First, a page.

The Gemara is aware that this connection is a bit unexpected; what does the mist have to do with our sukkot? It must be, says the Gemara, that this answer follows the opinion (of Rabbi Eliezer) that the sukkah symbolizes the Clouds of Glory. Clouds, like mist, form from earthly water evaporating and then condensing. So primal mist = clouds and clouds = sukkah. Because primal mist = product of the earth but not susceptible to impurity, therefore sukkah must = product of the earth but not susceptible to impurity.

I would like to suggest, however, that the mist also captures some of the in-between-ness that the very nature of the s’chach, detached but not totally reworked by humans, entails.

The mist of Bereishit Chapter 2 stands in contrast to the way water has been depicted until this point. The first earthly process (i.e., after the creation of light) of the six days of creation in Chapter 1 is the stark separation of upper and lower waters, followed by the cabining of the lower waters into “one place” (see 1:6-10). The mist of Chapter 2, in contrast, is the first time we see water move. And it moves in an unexpected direction: up.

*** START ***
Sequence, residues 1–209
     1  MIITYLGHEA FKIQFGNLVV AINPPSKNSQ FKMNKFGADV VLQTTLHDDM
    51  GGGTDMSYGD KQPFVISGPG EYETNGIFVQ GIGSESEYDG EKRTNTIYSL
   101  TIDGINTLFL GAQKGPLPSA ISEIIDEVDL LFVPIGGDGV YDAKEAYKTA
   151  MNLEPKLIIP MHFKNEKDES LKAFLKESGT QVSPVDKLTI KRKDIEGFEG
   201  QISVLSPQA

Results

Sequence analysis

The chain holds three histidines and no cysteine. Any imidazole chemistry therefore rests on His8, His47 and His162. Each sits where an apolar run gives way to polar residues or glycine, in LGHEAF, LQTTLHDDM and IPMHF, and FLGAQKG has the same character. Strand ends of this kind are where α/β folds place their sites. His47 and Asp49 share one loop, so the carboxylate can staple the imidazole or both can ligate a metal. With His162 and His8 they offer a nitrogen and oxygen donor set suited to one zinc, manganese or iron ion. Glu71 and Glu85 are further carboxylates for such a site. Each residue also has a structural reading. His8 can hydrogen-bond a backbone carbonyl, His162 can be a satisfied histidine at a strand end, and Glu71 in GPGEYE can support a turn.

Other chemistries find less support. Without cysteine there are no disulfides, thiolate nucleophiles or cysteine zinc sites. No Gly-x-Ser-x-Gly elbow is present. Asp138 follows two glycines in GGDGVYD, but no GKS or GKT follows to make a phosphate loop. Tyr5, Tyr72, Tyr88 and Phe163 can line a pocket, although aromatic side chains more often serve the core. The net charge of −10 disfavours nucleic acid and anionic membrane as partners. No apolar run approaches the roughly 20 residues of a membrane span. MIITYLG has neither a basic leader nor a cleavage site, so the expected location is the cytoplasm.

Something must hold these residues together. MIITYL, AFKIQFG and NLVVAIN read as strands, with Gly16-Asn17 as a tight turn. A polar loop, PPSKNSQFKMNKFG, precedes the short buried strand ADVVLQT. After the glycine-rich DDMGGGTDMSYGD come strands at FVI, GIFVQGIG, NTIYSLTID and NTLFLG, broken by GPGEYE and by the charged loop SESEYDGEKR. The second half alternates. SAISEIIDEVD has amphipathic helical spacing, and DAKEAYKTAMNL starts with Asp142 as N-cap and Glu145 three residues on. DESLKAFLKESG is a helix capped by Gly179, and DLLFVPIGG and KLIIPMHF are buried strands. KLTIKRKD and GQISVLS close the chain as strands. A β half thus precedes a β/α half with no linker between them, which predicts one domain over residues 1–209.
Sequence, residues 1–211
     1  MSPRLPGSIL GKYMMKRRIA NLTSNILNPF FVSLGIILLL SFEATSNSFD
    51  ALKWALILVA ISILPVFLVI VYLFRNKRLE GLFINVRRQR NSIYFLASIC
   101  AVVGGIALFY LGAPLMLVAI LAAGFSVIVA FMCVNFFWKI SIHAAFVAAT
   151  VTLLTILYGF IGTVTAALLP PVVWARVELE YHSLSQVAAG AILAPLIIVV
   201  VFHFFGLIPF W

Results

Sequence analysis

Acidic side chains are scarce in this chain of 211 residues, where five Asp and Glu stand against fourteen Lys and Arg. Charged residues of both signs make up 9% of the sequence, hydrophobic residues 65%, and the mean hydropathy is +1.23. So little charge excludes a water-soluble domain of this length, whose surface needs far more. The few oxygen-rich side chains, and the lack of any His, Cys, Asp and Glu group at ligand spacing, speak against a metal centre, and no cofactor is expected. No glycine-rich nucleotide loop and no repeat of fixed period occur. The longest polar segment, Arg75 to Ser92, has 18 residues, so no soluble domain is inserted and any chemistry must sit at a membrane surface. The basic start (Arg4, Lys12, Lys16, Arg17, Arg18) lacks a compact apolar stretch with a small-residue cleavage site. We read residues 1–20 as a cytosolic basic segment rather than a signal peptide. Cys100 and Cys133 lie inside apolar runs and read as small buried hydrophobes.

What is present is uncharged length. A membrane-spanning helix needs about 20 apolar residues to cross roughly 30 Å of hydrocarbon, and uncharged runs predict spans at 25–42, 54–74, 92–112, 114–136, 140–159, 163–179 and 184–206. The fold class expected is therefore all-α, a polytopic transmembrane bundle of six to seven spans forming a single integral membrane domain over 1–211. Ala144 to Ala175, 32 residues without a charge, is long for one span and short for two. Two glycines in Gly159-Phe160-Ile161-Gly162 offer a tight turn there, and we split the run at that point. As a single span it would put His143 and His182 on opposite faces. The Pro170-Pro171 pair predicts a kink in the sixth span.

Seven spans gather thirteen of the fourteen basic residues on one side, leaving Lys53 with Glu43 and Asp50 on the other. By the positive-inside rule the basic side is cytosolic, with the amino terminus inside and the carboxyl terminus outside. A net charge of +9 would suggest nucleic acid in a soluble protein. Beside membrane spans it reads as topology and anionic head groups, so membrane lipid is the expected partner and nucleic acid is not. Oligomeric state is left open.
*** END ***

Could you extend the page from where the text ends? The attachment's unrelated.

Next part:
As much as we know that clouds, too, come from water droplets that were most recently on earth, there is something about the designation “Clouds of Glory” that suggests that clouds from God must, in some way, come not up but down to us. In fact, the question of God’s “descent” is the subject of much debate earlier in Masechet Sukkah (5a), where the Talmud is adamant that God’s Presence (Shechinah) never descends within 10 tefachim (handbreadths) of the earth. This assertion (which seems contrary to the plain meaning of a host of biblical verses) comes up because the minimum height for a sukkah is 10 tefachim.

So we know that:

* The s’chach may represent the Clouds of Glory from God, or the huts the Israelites built for themselves.

* The s’chach must be a product of the earth, collected by humans but not worked into a fully human-made “utensil.”

* The s’chach is somehow connected to the primal mist that rose “up” from the ground in Bereishit because it is connected to the clouds.